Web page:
Photo credit: Brooke Alexander
Last year, Starr Butler attended WISE’s Annual Women of the Year Awards Luncheon. It wasn’t until after that she discovered there had been a professional development event the day before, so she did her research, and when this year came around, she was ready to sign up. She had to be there, she said, and the day did not disappoint.
The director of entertainment booking for Prudential Center put faces to the names of LinkedIn connections, embraced the insights offered, made note of advice that resonated and — perhaps most importantly — was reminded that she’s not alone in her journey.
“It was just good to hear that it’s not just you in a lot of these situations,” she said, adding that knowing others have experienced similar professional challenges provides a light at the end of the tunnel to push toward.
Butler was among nearly 300 professionals in attendance for a day of learning, reflection and relationship building at the fifth WISE/R Symposium on June 18 at TheTimesCenter in New York City. The event’s on-site activities and many of its eight sessions — which explored a variety of topics, ranging from opportunities in collegiate athletics to the value of executive coaching and navigating career transitions — encouraged attendees to take action, both at the event and after.
Valerie Gordon, an award-winning TV producer and founder of a consulting agency that helps people author their professional stories, led a hands-on session in which attendees candidly shared their most common reasons—ahem, excuses—for not achieving their goals. Gordon shared her 40 and challenged attendees to find an accountability partner, even offering to fill the role herself.
The “REAL Conversation: #BiasCorrect” session, which tackled what unconscious gender bias looks and sounds like in the workplace and how women can reverse its negative effects, was accompanied by an interactive social campaign. Attendees were invited to explore biased labels they may have encountered and their unbiased equivalents and post them with the hashtag #BiasCorrect.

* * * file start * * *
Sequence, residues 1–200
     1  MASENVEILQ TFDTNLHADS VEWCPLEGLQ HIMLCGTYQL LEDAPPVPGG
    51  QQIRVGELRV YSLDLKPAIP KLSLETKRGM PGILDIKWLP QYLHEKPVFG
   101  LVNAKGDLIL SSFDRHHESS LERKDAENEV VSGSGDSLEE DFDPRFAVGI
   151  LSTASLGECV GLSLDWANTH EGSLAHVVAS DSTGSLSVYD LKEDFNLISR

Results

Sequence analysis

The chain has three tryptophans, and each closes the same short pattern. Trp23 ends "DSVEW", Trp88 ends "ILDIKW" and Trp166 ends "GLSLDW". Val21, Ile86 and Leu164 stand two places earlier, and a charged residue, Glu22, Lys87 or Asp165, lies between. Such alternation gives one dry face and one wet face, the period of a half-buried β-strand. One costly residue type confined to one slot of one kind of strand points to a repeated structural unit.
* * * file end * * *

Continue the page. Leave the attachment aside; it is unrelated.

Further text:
Featured speaker Jean Chatzky, financial editor of NBC's TODAY Show and co-founder and CEO of HerMoney, discussed the need and benefits of talking about the uncomfortable topic of finances. Attendees received a copy of her book Women with Money: The Judgment-Free Guide to Creating the Joyful, Less Stressed, Purposeful (and, Yes, Rich) Life You Deserve, which dives into Chatzky’s three-part plan to help women improve their relationship with money. And, in his session on positioning yourself for success, motivational speaker and NBA chief human resources officer Eric Hutcherson used a call-and-response technique in teaching his PRIDE Principle — positive mental attitude, respect, intelligent choices, dreams and goals, and execution.
“I left feeling incredibly ramped up and excited,” Traci Borders, research director for Fox Sports, said of the session. “I was like, ‘I feel like every decision I’m making is the right one.’ It made me feel empowered.”
For Beth Green, director of sports inventory management for Fox Sports, the sheer volume and talent of women in attendance was inspiring in its own right. When she started with Fox Sports over 16 years ago, she was a woman of one in a small department. Today, she is one of eight in a department of 12 — and she loves it.
“It’s just so amazing how many women are involved in sports,” she said.
WISE Washington DC member Jana Brooks, who was attending the symposium for the first time, was similarly struck by the company.
“Since I focus on the DC chapter, I had no idea how many amazing and accomplished women — and men — are involved,” she said. “It was refreshing to network and form relationships with some real power players.”